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Across Three Continents

Reflections on Immigration, Education, and Personal Survival


Katerina Bodovski

Born in Soviet Moscow, Katerina Bodovski was twelve years old when Mikhail Gorbachev came to power, coming of age as the «perestroika» and «glasnost» movement gained full speed. She would later arrive in Israel during the peak of the peace process during which time Prime Minister Rabin was assassinated. Her final move to America, months after the upset of 9/11, would also directly and indirectly shape the way her personal journey unfolded.
The unique feature of this work lies in the combination of autobiographical narrative and sociological analysis. By personalizing accounts of immigration, education, and family transformations, this book discusses the author’s firsthand experiences in Soviet Russia, Israel, and the United States. The book speaks to scholars of education by providing examples and patterns in educational systems of the Soviet Union, Israel, and the United States. Beyond academia, the book will resonate with immigrants who have experienced transitions between lands and languages. Furthermore, Dr. Bodovski utilizes her female perspective to illuminate different aspects of family life, immigration processes, and, finally, her experiences in United States academia as a doctoral student and a professor.
Across Three Continents: Reflections on Immigration, Education, and Personal Survival will be of specific interest to women, especially young women, who are trying to figure out the interplay between their family and professional life and what is possible for them to aspire for and to achieve. This text is ideal for courses focused on comparative education, women’s studies, Jewish studies, sociology of education, childhood, and immigration.
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Part I: Eastern Europe: Russia



Eastern Europe: Russia

Brief Family History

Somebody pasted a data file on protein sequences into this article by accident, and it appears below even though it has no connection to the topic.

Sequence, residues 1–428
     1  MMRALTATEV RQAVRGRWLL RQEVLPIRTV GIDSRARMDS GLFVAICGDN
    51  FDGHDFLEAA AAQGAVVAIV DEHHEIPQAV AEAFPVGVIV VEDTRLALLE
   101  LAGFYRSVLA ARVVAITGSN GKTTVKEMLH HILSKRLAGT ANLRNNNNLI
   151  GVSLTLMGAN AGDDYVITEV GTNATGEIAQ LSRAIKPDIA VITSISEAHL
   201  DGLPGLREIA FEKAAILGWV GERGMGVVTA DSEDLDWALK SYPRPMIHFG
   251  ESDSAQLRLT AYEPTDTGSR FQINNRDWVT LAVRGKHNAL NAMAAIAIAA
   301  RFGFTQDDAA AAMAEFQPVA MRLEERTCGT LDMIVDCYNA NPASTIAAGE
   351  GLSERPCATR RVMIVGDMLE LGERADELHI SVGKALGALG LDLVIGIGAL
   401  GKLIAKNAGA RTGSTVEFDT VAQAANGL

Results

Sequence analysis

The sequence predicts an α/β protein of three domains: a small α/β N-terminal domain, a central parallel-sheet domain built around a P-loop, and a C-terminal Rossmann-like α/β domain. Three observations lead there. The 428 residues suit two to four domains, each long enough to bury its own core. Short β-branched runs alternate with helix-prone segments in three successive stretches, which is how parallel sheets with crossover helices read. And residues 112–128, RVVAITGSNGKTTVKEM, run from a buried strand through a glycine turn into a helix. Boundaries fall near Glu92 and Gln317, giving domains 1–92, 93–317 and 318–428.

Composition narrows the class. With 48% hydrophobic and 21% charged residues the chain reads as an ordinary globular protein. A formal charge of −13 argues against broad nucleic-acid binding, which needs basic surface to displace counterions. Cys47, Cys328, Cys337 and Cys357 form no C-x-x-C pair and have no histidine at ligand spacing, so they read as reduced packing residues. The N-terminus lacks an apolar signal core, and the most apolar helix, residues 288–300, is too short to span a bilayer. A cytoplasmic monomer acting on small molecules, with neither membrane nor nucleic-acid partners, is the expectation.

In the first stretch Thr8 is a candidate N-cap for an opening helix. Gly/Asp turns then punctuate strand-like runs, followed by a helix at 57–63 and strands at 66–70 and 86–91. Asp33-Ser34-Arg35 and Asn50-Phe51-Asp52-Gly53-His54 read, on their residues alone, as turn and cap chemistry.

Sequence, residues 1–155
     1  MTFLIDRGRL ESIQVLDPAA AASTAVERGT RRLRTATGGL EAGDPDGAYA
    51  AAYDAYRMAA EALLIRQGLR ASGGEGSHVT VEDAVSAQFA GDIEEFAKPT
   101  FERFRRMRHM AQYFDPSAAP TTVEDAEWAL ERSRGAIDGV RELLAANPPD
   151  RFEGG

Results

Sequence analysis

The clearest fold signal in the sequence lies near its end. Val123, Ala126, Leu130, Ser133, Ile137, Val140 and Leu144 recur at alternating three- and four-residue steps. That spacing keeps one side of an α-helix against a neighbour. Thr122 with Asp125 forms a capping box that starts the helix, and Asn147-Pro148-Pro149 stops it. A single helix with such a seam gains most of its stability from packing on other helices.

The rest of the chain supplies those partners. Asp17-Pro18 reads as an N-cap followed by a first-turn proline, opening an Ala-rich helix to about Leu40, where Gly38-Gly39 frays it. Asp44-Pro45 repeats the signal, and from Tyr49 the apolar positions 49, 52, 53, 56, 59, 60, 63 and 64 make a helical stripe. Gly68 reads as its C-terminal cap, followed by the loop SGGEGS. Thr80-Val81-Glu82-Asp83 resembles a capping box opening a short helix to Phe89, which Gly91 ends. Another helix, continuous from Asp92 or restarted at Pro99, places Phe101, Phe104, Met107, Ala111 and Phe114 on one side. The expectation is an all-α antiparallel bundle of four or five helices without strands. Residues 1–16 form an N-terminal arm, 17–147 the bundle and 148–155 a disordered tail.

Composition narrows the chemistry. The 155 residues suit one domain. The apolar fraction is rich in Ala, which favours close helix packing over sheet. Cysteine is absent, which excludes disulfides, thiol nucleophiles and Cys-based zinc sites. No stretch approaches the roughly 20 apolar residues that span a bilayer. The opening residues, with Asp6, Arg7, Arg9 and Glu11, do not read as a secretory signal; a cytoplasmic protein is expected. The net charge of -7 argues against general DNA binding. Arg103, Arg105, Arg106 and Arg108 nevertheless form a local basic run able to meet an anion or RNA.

It is safe to say that I am the third generation of my family to be affected by the spread of modern education. This is especially reflected in the experiences of both of my grandmothers who received the gift of higher education suddenly available to women, especially Jewish women, after the Great Communist Revolution of 1917. In tsarist Russia education was a privilege for a few. Over 70% of the population was illiterate at the time of the Revolution (almost 80% of the population were peasants). The situation was considerably worse for women and ethnic minorities. Jews, in particular, were not allowed to live outside of the specific boundaries defined by the monarchy, called the Pale of Settlement. It included certain areas in the Western parts of today’s Russia and the territories that now are a part of the national borders of Lithuania, Poland, Ukraine, Belarus, and Moldova. Jews were not welcome in the Imperial capitals of Moscow and St. Petersburg; they could not permanently reside there. Exceptions were the result of special permissions, given according to outstanding talents or service to the State. With these permissions, by 1894 Jews comprised over 13% of the university cohort while being only 4% of the population. Jewish communities have always emphasized the importance of education but most did so primarily for religious purposes (learning Hebrew to understand Torah), and simple arithmetic. The prevalent language was ← 5 | 6 → Yiddish....

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